a little room at Gold's Gym," Gerut says--whose unconventional
techniques focus on force absorption and include, for example, a
bench-press drill in which you let go of the weight at the top of
the press, then drop your hands fast enough to catch it.

While Schroeder helped him add muscle mass, Gerut helped himself
by studying videotapes of the game's best power hitters, such as
Barry Bonds, Alex Rodriguez, Albert Pujols and Eric Chavez. The
common denominator that he detected? "They were making educated
guesses, because they looked bad almost as much as they looked
good," Gerut says. "Even Barry, who's the greatest in the game at
being patient and having strike-zone command, looks dumb
sometimes. You can tell they have an idea of a pitch they want;
they go with it, and they live with it if they're wrong."

Although his walk-to-strikeout ratio inverted as he whiffed more
than ever, Gerut became the long-ball threat that Cleveland's
lineup craved. The problem is, any help in that department is
still categorized as potential. Catcher Victor Martinez, who hit
22 homers at Double A Akron in 2002; designated hitter Travis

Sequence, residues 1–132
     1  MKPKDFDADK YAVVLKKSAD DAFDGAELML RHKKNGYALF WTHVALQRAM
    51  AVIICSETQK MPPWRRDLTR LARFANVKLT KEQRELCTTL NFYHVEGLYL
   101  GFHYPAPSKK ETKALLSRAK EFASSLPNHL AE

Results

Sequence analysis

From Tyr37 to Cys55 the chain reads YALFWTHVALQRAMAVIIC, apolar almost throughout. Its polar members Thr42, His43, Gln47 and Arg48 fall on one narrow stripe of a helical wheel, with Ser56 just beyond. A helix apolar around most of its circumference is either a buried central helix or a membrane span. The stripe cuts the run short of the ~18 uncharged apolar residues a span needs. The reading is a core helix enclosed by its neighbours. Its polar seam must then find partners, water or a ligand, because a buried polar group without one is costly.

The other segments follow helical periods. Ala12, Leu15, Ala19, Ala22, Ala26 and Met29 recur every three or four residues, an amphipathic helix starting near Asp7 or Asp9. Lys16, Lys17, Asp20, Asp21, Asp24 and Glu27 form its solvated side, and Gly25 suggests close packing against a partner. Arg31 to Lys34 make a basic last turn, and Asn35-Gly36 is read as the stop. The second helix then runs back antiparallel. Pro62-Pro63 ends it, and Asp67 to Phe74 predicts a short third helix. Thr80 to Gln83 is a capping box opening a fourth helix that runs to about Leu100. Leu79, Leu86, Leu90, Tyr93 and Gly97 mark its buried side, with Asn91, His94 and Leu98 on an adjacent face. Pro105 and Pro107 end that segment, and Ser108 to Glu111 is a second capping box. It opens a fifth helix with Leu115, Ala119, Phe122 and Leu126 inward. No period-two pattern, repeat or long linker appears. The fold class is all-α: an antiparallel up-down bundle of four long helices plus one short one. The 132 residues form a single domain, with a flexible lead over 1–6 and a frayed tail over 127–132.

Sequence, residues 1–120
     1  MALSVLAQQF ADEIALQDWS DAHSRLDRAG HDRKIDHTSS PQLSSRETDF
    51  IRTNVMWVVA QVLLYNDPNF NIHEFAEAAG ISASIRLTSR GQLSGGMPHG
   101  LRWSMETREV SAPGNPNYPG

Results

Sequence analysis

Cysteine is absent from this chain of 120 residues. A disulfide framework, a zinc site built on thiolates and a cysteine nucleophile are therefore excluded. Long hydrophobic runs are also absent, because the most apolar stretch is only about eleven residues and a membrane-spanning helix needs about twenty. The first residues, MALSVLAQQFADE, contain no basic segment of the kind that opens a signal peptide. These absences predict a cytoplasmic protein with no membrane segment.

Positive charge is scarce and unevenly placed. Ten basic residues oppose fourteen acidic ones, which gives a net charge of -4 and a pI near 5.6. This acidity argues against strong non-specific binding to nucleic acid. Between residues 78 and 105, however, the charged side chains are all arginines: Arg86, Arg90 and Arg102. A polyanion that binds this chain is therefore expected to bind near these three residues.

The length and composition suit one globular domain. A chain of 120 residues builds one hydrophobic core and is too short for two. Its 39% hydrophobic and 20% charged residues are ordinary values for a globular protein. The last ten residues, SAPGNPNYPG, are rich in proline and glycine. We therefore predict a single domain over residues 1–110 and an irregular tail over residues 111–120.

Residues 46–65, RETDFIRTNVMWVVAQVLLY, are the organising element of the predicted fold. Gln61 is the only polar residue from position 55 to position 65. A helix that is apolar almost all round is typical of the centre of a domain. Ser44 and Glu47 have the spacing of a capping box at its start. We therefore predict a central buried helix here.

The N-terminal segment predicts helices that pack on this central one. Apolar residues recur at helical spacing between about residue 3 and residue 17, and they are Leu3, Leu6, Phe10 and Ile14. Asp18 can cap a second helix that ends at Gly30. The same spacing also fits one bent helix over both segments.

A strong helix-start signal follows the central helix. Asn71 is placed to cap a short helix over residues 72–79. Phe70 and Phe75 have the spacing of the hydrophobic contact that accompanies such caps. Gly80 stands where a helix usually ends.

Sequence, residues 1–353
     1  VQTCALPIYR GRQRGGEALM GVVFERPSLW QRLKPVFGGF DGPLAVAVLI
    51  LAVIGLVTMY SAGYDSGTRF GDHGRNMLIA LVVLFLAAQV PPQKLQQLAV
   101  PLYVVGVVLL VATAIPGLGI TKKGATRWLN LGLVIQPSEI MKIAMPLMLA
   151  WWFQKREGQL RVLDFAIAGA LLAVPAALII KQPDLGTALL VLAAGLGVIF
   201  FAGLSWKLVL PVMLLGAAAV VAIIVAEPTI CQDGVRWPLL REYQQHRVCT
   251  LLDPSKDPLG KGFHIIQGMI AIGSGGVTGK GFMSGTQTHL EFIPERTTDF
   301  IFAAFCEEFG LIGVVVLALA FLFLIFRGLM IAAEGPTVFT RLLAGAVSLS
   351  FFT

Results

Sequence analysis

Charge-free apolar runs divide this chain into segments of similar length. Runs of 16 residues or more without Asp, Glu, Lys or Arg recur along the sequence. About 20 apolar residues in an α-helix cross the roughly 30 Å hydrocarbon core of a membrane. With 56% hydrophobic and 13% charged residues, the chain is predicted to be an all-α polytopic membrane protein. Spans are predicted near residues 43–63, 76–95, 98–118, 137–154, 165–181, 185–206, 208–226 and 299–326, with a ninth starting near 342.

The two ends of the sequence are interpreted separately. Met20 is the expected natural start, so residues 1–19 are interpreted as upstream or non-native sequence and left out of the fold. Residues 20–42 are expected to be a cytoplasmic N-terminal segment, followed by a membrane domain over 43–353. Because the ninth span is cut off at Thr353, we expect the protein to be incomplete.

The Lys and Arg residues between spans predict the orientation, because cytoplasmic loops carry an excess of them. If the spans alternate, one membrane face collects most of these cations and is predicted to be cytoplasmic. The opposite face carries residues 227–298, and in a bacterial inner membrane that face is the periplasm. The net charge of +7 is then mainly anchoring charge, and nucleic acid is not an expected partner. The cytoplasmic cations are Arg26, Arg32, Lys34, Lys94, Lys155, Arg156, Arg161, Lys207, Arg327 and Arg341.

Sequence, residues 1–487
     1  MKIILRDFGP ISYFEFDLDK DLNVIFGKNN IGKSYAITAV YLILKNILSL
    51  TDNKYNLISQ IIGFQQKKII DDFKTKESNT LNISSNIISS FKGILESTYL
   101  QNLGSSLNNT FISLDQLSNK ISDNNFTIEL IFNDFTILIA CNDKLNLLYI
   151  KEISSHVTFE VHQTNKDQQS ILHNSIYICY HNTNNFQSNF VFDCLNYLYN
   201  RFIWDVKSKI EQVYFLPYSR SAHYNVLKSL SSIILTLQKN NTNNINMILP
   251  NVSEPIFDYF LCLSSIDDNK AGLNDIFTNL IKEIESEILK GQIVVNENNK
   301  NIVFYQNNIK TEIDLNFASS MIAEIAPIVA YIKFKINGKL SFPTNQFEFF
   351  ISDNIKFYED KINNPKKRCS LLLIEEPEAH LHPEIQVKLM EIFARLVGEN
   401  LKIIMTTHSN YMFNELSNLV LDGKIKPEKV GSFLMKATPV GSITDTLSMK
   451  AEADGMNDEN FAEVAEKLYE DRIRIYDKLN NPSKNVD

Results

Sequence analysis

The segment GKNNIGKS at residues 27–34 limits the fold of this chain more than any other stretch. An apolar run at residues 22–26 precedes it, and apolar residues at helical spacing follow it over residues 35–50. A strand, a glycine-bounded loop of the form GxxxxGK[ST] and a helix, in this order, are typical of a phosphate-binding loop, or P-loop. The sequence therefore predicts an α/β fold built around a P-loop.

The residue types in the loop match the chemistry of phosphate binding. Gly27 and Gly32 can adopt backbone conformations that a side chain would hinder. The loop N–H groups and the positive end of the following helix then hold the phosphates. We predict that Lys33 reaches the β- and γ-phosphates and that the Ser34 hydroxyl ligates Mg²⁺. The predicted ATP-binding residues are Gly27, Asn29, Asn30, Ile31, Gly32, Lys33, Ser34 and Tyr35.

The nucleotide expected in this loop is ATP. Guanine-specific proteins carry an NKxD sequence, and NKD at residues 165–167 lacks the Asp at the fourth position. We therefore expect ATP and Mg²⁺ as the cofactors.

Hafner (14 in 291 at bats with the Indians); and raw, athletic
centerfield prospect Grady Sizemore, who'll begin the season at
Buffalo, may provide middle-of-the-order juice down the road.
"One third of this season's goal is to be more competitive,"
Shapiro says. "Two thirds is to evaluate and develop."

While the rebuilding program proceeds, Gerut is content in his
role as the Indians' only confirmed masher. Articulate and
witty--in a team biography, he listed the Roman Coliseum as his
favorite road stadium--he chronicled his rookie season in a blog
on cleveland.com, recounting the time autograph hounds stalked
him into a New York City subway station, opining on Hideki
Matsui's rookie eligibility and musing on the possibility of a
sophomore jinx. It's good reading, and Gerut's blossoming into a
power hitter made for good viewing. It'll be another year, at
least, before the same is true of the Indians. --D.G.H.

COLOR PHOTO: MARK DUNCAN/AP SWINGING FOR THE FENCES Convinced that he has to hit for power, not average, Gerut is the Tribe's best home run threat.
COLOR PHOTO: RICK STEWART/GETTY IMAGES BETANCOURT

IN FACT

Switch-hitter Milton Bradley led the AL last season with a .500
on-base percentage versus lefties.

ENEMY LINES
an opposing team's scout sizes up the Indians

"This team reminds me more of a National League club. They're